Raising Self-Sufficient Children
Billy hates his second grade teacher! He comes home after school and exclaims to his mom, “I hate Mrs. Smith and she hates me too.”
Billy’s parents try to figure out what’s going on. They visit with his teacher and talk to other parents. They decide to change his classroom.
Sarah’s on the soccer team and spends a fair amount of time keeping the bench warm. Her parents argue with the coach that she should have more field time.
This has become a familiar pattern in modern family life. Parents, who want to protect their children, intervene at school, in sports and on the playground. Many parents struggle with this issue—when do I take over and when do I let my kid figure it out for herself?
On the one hand, children have limited ability to advocate for themselves. They have little power in most situations in their lives. But on the other hand, are we always helping them when we jump in and “make it better” for them?
These are thorny parental problems. My youngest daughter pushed hard to go to sleep away camp, far from home, when she was eight years old. She was confident she would have a great time and could handle it.
But a few days into camp, the tear-stained letters from one homesick little kid came pouring in. These were followed by hysterical phone calls insisting that she had to come home right away or her life would be over.
Diane and I struggled to make the “right” decision, and ultimately we decided that she needed to stick it out. She was furious with us and told us that she would never forgive us! But, on the positive side, she did figure out how to make the best of a bad situation. Years later she told us we made the right decision. She felt good about her ability to get through a very tough situation.
So, how can parents approach these dilemmas? Here are some questions to consider.
- Is it a safety issue? In those situations, responsible parents take action. Getting beat up on the way home, emotionally abused by a coach, or pushed around by a bunch of older kids calls for action. I don’t think too many parents have to think twice about interceding.
- Is it a comfort issue? Clearly my daughter was not in an unsafe situation. She had many concerned adults looking after her. But an acute case of homesickness can be very painful for young children. I am sure that she was very anxious too. But it clearly was not a safety concern.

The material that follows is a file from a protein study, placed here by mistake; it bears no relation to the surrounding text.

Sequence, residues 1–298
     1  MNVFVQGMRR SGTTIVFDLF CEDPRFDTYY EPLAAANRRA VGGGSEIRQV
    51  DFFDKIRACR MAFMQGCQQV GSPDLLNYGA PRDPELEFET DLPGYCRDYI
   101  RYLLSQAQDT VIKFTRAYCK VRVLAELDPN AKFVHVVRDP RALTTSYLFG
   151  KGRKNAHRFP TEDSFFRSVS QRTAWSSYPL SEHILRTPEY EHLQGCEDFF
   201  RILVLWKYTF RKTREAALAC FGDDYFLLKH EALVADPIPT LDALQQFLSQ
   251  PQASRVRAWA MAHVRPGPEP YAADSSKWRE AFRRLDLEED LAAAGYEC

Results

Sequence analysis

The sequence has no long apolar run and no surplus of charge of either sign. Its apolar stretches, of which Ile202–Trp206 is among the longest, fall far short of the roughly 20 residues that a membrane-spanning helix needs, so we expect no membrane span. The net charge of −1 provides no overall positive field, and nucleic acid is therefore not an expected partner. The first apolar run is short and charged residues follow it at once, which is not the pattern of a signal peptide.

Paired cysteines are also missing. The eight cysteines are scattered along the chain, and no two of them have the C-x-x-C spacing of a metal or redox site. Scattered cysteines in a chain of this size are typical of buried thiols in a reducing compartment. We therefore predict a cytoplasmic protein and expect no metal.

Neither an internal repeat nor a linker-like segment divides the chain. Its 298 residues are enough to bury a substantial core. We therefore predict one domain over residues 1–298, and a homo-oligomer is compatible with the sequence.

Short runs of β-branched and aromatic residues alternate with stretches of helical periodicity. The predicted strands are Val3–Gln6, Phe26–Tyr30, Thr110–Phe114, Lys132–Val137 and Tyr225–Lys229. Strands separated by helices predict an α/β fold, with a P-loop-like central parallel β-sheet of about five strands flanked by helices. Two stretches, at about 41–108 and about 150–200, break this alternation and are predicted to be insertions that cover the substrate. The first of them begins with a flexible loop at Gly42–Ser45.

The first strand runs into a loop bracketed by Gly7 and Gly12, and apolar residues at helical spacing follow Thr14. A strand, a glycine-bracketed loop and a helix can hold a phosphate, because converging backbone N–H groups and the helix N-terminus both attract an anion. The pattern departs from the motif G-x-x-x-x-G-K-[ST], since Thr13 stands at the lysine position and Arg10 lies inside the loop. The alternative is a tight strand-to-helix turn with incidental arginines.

- What are the benefits of letting your kid stick it out? Learning how to manage uncomfortable and anxiety-provoking situations in life is a crucial adult skill. It isn’t easy to figure out how to manage difficult work problems, relationship issues, or life problems. But acquiring and honing those skills—including problem solving, tenacity, perseverance and good old-fashioned mental toughness—starts early. When children find their own solutions to difficult childhood problems they also develop a sense of independence and self-esteem. Parents can still help their kids work through possible solutions. But children don’t develop enhanced self-esteem when Mom or Dad take over. Furthermore, learning how to tolerate discomfort, which is often temporary, is another important skill. It comes in handy in adult life!
- Can I tolerate the discomfort I feel? Diane and I suffered several days of anxiety, worry and indecision about what to do. We spent hours debating what course of action made sense. It can be very hard for parents to cope with their children’s pain and suffering, even if we know it is temporary.
Don’t you wish your children came with how-to manuals? When your child faces uncomfortable, challenging moments, trusting them to find solutions is a vote of confidence.